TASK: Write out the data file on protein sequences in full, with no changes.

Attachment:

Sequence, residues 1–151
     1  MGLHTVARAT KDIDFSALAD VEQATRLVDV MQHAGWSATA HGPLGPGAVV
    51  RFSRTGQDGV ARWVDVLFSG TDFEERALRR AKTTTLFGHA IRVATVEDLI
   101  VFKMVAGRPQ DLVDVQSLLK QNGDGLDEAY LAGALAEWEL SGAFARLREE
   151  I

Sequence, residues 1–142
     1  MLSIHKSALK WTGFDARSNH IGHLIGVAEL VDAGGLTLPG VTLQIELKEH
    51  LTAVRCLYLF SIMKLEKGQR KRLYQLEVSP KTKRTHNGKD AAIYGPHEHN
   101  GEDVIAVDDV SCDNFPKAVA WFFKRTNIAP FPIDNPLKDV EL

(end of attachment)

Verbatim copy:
Sequence, residues 1–151
     1  MGLHTVARAT KDIDFSALAD VEQATRLVDV MQHAGWSATA HGPLGPGAVV
    51  RFSRTGQDGV ARWVDVLFSG TDFEERALRR AKTTTLFGHA IRVATVEDLI
   101  VFKMVAGRPQ DLVDVQSLLK QNGDGLDEAY LAGALAEWEL SGAFARLREE
   151  I

Sequence, residues 1–142
     1  MLSIHKSALK WTGFDARSNH IGHLIGVAEL VDAGGLTLPG VTLQIELKEH
    51  LTAVRCLYLF SIMKLEKGQR KRLYQLEVSP KTKRTHNGKD AAIYGPHEHN
   101  GEDVIAVDDV SCDNFPKAVA WFFKRTNIAP FPIDNPLKDV EL